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Working Paper
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June 01, 2015
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There is a disconnect between academic economists’ search for individual mechanisms that constrain firm growth and the more complex reality facing firms and policymakers aiming to alleviate these constraints. The comprehensive, some would say scattershot, approaches that are common in practice are considered challenging for evaluators because of the difficulty in identifying any particular causal mechanism. More targeted attempts to improve business performance typically generate mixed performance (McKenzie and Woodruff 2012) or do not seem to scale either in the market or with public support.
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Working Paper
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May 28, 2015
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We present results from six randomized control trials of an integrated approach to improve livelihoods among the very poor. The approach combines the transfer of a productive asset with consumption support, training, and coaching plus savings encouragement and health education and/or services. Results from the implementation of the same basic program, adapted to a wide variety of geographic and institutional contexts and with multiple implementing partners, show statistically significant cost-effective impacts on consumption (fueled mostly by increases in self-employment income) and psychosocial status of the targeted households. The impact on the poor households lasted at least a year after all implementation ended. It is possible to make sustainable improvements in the economic status of the poor with a relatively short-term intervention.
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Published Paper
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May 15, 2015
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We study political economy responses to a large scale intervention in Bangladesh, where four sub-districts consisting of 100 villages (12,000 households) were randomly assigned to control, information or subsidy treatments to encourage investments in improved sanitation. In theory, leaders may endogenously respond to large interventions by changing their allocation of effort, and their constituents’ views about the leader may rationally change as a result. In one intervention where the leaders’ role in program allocation was not clear to constituents, constituents appear to attribute credit to their local leader for a randomly assigned program. However, when subsidy assignment is clearly and transparently random, the lottery winners do not attribute any extra credit to the politician relative to lottery losers. The theory can rationalize these observations if we model leaders’ actions and constituent reactions under imperfect information about leader ability. A third intervention retur...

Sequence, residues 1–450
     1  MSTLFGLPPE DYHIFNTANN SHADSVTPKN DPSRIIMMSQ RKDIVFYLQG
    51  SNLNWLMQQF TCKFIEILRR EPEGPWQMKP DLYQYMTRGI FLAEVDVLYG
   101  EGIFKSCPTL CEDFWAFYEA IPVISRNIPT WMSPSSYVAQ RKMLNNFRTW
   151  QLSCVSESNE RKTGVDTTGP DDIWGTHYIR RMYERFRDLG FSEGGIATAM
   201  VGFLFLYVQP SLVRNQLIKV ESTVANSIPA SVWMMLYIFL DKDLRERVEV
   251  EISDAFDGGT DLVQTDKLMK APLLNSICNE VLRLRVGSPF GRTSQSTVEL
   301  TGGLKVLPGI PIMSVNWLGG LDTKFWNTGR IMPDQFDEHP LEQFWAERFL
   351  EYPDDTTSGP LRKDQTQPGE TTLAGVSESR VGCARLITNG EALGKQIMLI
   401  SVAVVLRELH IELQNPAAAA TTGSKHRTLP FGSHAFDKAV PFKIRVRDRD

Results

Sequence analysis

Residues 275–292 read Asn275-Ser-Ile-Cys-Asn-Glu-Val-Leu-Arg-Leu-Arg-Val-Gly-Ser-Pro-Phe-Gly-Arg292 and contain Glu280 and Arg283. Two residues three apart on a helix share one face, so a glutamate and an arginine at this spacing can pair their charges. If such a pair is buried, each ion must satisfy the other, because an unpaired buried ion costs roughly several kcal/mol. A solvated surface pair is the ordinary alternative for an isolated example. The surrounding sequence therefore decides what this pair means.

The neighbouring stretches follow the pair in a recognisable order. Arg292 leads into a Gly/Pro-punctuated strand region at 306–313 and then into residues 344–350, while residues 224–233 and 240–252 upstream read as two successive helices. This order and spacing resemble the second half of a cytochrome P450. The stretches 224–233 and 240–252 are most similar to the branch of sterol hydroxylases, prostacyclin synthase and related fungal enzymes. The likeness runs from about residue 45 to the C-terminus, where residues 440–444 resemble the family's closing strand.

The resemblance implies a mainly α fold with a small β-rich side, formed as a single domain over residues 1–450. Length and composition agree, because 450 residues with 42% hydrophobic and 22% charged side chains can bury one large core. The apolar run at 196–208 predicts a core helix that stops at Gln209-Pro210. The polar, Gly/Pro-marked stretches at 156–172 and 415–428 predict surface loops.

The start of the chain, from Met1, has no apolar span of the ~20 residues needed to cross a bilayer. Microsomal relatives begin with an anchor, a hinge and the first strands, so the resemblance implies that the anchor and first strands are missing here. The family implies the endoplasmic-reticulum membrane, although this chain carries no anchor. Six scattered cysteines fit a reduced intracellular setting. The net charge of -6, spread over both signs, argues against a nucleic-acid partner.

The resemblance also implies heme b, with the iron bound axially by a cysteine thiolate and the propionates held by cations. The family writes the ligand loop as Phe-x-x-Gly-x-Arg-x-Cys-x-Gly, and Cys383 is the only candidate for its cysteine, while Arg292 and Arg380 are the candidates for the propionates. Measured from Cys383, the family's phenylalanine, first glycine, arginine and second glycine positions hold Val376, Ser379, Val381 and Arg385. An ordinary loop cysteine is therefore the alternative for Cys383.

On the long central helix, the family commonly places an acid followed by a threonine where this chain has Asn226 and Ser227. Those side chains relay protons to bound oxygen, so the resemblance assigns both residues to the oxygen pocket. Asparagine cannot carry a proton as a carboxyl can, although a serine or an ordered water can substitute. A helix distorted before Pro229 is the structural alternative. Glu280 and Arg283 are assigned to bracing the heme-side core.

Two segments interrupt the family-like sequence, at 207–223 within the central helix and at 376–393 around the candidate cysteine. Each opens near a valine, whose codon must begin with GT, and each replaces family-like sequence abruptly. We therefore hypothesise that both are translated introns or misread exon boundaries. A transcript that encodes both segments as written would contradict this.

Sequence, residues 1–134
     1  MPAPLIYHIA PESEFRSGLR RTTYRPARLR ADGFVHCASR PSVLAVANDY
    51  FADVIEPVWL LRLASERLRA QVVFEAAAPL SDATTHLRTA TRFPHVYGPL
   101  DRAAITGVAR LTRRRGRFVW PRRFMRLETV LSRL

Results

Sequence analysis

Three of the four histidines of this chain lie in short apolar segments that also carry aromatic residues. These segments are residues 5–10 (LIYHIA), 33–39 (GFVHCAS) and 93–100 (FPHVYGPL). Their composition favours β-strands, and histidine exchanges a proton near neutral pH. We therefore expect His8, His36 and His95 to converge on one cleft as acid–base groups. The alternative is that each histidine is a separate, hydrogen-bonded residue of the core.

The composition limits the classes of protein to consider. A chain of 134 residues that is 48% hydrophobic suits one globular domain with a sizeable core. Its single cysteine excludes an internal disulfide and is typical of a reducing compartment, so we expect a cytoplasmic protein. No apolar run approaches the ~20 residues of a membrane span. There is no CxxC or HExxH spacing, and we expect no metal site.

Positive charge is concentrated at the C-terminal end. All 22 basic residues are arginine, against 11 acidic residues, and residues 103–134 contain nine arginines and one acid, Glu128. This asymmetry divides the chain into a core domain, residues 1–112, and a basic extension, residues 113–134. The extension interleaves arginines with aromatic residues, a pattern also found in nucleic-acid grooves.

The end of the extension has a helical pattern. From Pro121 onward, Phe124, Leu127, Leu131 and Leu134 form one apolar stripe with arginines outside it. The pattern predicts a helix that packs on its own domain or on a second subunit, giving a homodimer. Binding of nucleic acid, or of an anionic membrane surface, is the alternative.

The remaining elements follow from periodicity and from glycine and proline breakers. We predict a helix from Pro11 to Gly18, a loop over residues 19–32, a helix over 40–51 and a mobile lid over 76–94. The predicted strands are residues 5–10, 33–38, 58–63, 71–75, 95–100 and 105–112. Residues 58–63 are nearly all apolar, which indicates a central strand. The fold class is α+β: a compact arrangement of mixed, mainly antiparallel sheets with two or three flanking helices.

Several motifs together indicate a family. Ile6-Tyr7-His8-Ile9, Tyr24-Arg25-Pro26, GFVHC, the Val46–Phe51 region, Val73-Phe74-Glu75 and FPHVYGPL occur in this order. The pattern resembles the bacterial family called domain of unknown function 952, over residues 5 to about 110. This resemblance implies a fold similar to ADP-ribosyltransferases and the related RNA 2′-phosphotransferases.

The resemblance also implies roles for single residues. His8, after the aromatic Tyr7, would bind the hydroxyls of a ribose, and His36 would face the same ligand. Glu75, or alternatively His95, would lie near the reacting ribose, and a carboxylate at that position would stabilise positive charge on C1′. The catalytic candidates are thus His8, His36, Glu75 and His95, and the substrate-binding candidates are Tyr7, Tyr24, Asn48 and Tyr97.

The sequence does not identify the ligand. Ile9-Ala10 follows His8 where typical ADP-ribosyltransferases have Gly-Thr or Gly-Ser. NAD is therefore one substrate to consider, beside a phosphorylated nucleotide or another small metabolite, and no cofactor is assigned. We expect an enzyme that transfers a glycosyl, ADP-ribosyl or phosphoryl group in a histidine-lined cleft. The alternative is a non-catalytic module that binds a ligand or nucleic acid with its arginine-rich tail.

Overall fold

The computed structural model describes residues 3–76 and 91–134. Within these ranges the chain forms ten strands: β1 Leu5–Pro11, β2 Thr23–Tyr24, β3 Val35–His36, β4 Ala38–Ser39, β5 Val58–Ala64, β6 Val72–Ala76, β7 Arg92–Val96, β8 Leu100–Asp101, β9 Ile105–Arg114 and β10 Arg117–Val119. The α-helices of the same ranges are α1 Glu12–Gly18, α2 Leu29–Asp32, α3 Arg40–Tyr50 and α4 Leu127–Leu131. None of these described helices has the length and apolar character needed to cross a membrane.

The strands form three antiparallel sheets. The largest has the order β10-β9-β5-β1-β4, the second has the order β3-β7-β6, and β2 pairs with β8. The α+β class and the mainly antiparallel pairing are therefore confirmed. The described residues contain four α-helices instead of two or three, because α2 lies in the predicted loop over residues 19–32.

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Working Paper
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May 13, 2015
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We implemented a randomized field experiment that tested ways to stimulate savings by international migrants in their origin country. We find that migrants value and take advantage of opportunities to exert greater control over financial activities in their home countries. In partnership with a Salvadoran bank, we offered U.S.-based migrants bank accounts in El Salvador. We randomly varied migrant control over El Salvador-based savings by offering different types of accounts across treatment groups. Migrants offered the greatest degree of control accumulated the most savings at the partner bank, compared to others offered less or no control over savings. Impacts are likely to represent increases in total savings: there is no evidence that savings increases were simply reallocated from other savings mechanisms. Enhanced control over home-country savings does not affect remittances sent home by migrants.
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Published Paper
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May 01, 2015
There is a disconnect between academic economists’ search for individual mechanisms that constrain firm growth and the more complex reality facing firms and policymakers aiming to alleviate these constraints. The comprehensive, some would say scattershot, approaches that are common in practice are considered challenging for evaluators because of the difficulty in identifying any particular causal mechanism. More targeted attempts to improve business performance typically generate mixed performance (McKenzie and Woodruff 2012) or do not seem to scale either in the market or with public support. With that in mind, we partnered with the Asian Institute of Management (AIM), a leading Philippine business school, to launch a classbased program that had MBA students providing consulting services for local small and medium enterprises.
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Published Paper
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May 01, 2015
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We implement a randomized experiment offering Salvadoran migrants matching funds for educational remittances, which are channeled directly to a beneficiary student in El Salvador chosen by the migrant. The matches lead to increased educational expenditures, higher private school attendance, and lower labor supply of youths in El Salvador households connected to migrant study participants. We find substantial “crowd-in” of educational investments: for each $1 received by beneficiaries, educational expenditures increase by $3.72. We find no shifting of expenditures away from other students, and no effect on remittances.